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Protesters from Tunisia's marginalised rural heartlands chant slogans as they prepare to spend their second night outside the Prime Minister's office in Tunis

Back in the days of “Big Brother” and the “Thought Police”, the Tunisian people could not discern what was precisely wrong with politics, society, and economy. All the political, social, and economic ills were subsumed under one major ill: that of “oppression”. Now that Oppression, emblematized in Ben Ali’s figure, is toppled, the once unnoticeable problems are surfacing. Activists, militants, politicians and analysts strain themselves to come up with solutions, disregarding the absurdity of solving a problem that they failed to identify in the first place. Let us help them with a brief reading of the socio-politico-economic situation in post-revolution Tunisia.

If we were to be ideologically-correct, we would dissect the political sphere into three tendencies:

  • What is erroneously known as Islamism
  • What is elusively known as Leftism
  • What I call “ideologized opportunism”.

Islamists embrace the belief that Islam is a comprehensive spiritual, political, social, and economic project meant to be reinterpreted, adapted to modernity, and implemented for the welfare of all. Leftists are in their turn divided into socialists, nationalists, and liberals (ethically defending human rights and promoting modernity and economically embracing market economy). Although they cannot reach an economic consensus, they agree in terms of values: they antagonize all that is “reactionary”. As for the last category, the one I labeled “ideologized opportunism”, it is a stew of chameleonic values. They preach democracy, modernity and “Tunisianism” to cover their neoliberal economic program, that is if they have one to begin with. What is alarming is not their versatile ideology, it is the partisans themselves; this party serves as a political umbrella for the political machine of the dissolved ruling party.

Let us now try to identify the problem that blights the political sphere. In fact, Islamists and Leftists tend to flirt with this “ideologized opportunism” most of the time covertly. To do so, in my opinion, is both unethical and … stupid. Why is it unethical? A true Islamist cannot build a healthy society and fulfill a lofty goal aided by corruption and opportunism. Likewise, a true Leftist cannot eradicate regressivism by aligning himself/herself with a reactionary tendency, one that means to take us all back to the age of oppression. This ethical judgment is coupled with a tactical assessment; it is stupid to give a hand to those who would cut it off once they reach power -history testifies to the stupidity of such practices. Indeed, “History repeats itself, first as a tragedy, second as a farce”. Why not prove Karl Marx wrong and stop ourselves from becoming the derided objects of a most displeasing farce?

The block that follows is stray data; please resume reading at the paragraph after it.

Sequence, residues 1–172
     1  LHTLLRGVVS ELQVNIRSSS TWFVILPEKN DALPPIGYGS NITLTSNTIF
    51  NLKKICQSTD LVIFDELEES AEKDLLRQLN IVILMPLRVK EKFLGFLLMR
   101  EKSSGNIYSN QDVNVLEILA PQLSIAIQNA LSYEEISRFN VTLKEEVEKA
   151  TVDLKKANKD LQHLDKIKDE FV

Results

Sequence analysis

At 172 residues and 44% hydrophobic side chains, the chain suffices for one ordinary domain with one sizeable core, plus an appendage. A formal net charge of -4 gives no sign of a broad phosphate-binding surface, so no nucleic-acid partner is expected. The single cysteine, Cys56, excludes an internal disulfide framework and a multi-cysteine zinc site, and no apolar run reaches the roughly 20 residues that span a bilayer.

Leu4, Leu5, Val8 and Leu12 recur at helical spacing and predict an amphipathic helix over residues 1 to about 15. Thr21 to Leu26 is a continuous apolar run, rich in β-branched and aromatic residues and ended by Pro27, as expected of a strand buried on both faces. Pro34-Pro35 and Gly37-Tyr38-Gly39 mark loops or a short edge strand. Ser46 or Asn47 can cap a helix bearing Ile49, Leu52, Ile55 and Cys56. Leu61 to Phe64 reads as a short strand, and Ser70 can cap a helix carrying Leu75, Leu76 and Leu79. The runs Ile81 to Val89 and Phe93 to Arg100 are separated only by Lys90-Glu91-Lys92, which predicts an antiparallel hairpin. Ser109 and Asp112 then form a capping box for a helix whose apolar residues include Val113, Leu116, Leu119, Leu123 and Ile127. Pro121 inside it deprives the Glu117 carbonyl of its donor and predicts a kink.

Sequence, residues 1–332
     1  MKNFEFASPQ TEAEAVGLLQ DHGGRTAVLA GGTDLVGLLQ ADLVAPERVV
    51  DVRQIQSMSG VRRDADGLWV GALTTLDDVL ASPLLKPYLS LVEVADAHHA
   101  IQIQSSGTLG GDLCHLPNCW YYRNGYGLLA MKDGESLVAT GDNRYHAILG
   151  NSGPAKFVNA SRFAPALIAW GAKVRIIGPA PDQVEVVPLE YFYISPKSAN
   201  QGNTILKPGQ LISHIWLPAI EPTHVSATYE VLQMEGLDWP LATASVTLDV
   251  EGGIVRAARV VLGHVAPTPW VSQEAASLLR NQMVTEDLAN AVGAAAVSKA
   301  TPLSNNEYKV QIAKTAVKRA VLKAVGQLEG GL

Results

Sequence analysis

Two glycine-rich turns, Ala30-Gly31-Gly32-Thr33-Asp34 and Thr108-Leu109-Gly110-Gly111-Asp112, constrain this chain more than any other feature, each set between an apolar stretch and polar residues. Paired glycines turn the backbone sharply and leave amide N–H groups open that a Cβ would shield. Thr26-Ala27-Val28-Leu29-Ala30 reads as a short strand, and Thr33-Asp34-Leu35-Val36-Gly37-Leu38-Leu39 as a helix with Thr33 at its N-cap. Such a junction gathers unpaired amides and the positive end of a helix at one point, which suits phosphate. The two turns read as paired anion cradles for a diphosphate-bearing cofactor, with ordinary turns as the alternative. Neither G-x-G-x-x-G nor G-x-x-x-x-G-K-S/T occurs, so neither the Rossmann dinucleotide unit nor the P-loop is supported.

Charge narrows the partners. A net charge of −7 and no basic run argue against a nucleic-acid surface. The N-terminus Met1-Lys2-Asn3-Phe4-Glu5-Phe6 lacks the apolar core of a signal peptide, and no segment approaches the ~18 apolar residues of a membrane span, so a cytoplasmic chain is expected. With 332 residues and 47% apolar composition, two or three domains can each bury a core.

After having identified what is amiss with politics, let us delve into the social realm. Fortunately, social ills are universal and almost clichéd and unfortunately, we suffer from all of them, be it poverty, mendicancy, unemployment, juvenile delinquency, crime, abusive husbands, child labor etc. As you might notice, most of these problems are of a materialistic nature, and logically, materialistic problems call for materialistic measures. Instead, activists and politicians from all political tendencies constantly seek to “idealize” what is materialistic at its core. In response to crime, “stick to your prayer” campaigns are organized. To curb the problem of wife exploitation by their husbands, “mammary activism” is the tool. The answer to unemployment is a “Who assassinated whom?” stand-up protest, or even a “wear your veil properly, sister” event. This “idealization” of “material” social issues can lead nowhere, because it is deliberate, whether conscious or unconscious, deferral of problems. It is “activist procrastination of action” that is synonymous with … inaction.

Of all three spheres, economy remains the most intricate. Between a people that is economically illiterate, politicians that are ideologically inconsistent in terms of economy, and a world order led by savage capitalism, Tunisia seems to be at an economic dead end. Classical conceptions of political economy are obsolete since no system can be purely socialist or capitalistic. One way out of this dilemma might be to adapt similar economic experiences worldwide: to consider liberal reforms, socialist reforms and why not… to theorize for Islamic banking. I say theorize, because the Islamic banking that exists now is only a capitalistic lie. A promising model implementing Islamic banking is Malaysia which witnessed an economic boom thanks to fusing market economy with Islamic finance. Why not give it a try and come up with our own customized economic system? However, a successful political economy does not theorize itself; experts, productive economists, and creative theorists are needed. It is a pity that Tunisian “Milton Friedmans” and “John Keyneses” cannot be born from an educational system that trivializes economy and finance studies.

Regardless of the accuracy of this reading, I deem it the duty of students and the educated class in general to try to identify what is really wrong with Tunisia. Objective assessment needs to overpower affective judgment in order for action to be efficient. I am sure that every responsible patriotic citizen has the ability to remove the affective blindfold to right (or left) the political, social, and economic wrongs.